Oil prices rose to a four-month high on Wednesday, boosted by optimism that production cuts have brought down global inventories as demand remains steady.
Light, sweet crude for October delivery settled up 93 cents, or 1.9%, to $50.41 a barrel on the New York Mercantile Exchange, the highest close since May 24. The October contract expired on Wednesday, and the more actively traded November contract rose 79 cents, or 1.6%, to $50.69. Brent, the global benchmark, gained $1.15, or 2.1%, to $56.29.
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Investors have become more optimistic about the oil market's prospects recently amid signs of tighter balance between supply and demand in the global market.
"Everything is basically falling into place for the last quarter of the year," said Peter Cardillo, chief market economist at First Standard Financial. "Today's close signals that $55 oil is not that far away."
U.S. refiners continued to ramp up operations as the amount of oil products sitting in storage declined, the U.S. Energy Information Administration reported Wednesday. Refinery utilization increased to 83.2% in the week ended Sept. 15, while gasoline and distillate stockpiles fell.
The hurricane knocked out a significant portion of the country's refining capacity when it hit Texas, upending a trend of steadily declining crude stockpiles that helped boost prices over the summer.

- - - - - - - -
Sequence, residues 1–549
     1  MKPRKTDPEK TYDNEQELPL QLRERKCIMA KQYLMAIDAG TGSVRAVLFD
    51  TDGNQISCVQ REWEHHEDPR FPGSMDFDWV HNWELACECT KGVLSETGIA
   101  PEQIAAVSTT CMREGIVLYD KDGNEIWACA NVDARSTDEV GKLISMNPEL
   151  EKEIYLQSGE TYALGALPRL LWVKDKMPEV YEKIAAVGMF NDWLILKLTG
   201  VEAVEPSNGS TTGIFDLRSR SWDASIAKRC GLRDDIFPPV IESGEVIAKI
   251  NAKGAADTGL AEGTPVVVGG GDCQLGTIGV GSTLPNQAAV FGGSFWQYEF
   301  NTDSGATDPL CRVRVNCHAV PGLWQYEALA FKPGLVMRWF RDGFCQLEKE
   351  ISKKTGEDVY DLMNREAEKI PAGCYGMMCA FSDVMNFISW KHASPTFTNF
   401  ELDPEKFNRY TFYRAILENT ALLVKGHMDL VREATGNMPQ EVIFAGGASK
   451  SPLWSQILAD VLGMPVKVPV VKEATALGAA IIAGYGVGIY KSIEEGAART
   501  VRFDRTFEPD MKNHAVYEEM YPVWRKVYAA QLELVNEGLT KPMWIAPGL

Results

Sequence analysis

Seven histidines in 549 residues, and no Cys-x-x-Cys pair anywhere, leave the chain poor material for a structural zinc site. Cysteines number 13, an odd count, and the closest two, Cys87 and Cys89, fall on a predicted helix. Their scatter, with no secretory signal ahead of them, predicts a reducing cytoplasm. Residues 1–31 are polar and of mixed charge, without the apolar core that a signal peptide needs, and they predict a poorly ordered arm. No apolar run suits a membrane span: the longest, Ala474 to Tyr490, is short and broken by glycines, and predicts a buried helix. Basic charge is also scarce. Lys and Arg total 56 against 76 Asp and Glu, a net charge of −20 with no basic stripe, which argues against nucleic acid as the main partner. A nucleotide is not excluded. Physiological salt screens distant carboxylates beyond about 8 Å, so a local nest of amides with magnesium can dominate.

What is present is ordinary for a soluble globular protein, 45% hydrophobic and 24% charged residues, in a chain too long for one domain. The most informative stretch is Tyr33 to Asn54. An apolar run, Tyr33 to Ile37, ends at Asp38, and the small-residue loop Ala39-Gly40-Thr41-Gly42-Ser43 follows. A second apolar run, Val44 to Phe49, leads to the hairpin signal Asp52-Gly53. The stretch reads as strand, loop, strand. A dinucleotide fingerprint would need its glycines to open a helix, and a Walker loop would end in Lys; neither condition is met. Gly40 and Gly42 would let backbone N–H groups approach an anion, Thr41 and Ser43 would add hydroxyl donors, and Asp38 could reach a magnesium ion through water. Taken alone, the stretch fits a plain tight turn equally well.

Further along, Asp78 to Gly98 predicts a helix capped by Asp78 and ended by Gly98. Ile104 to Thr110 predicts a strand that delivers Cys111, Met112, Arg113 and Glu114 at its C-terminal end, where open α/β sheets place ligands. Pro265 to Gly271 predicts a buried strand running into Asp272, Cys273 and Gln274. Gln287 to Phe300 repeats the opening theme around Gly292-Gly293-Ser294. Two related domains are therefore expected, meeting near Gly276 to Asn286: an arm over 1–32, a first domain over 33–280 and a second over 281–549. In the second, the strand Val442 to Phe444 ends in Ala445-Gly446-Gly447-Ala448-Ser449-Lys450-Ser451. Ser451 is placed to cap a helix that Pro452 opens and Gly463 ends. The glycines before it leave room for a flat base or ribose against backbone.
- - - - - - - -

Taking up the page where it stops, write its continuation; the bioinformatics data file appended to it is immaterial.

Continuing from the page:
Meanwhile, markets shrugged off a larger-than-expected build in crude inventories in the latest report. The amount of crude oil in storage increased by 4.6 million barrels last week, exceeding analyst expectations for a build of 2.6 million barrels.
"I think the market to a large extent is still suspect of the data," said Kyle Cooper, a consultant at Ion Energy Group.
The Organization of the Petroleum Exporting Countries and major producers outside the cartel, including Russia, agreed late last year to cut production by 1.8 million barrels a day from peak October 2016 levels, in an effort to alleviate the global oil glut and boost prices. The deal was extended in May through March 2018 but has been hindered by both a lack of compliance by some signatories and steady U.S. shale output.
"Some of the OPEC members are beginning to breathe a sigh of relief," said Andy Lipow, president of Lipow Oil Associates.
OPEC and non-OPEC participants in the output cut deal are set to meet in Vienna Friday to review compliance with the agreement. Some cartel members -- including less compliant nations like Iraq -- have indicated in recent weeks that they would be open to extending the production cuts after the deal expires next year, but analysts and investors don't expect a final decision until OPEC's next official gathering in November.
Gasoline futures closed near flat at $1.6551 a gallon and diesel futures rose 1.9% to $1.8070 a gallon, the highest settle value in more than two years.
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(END) Dow Jones Newswires
September 20, 2017 16:01 ET (20:01 GMT)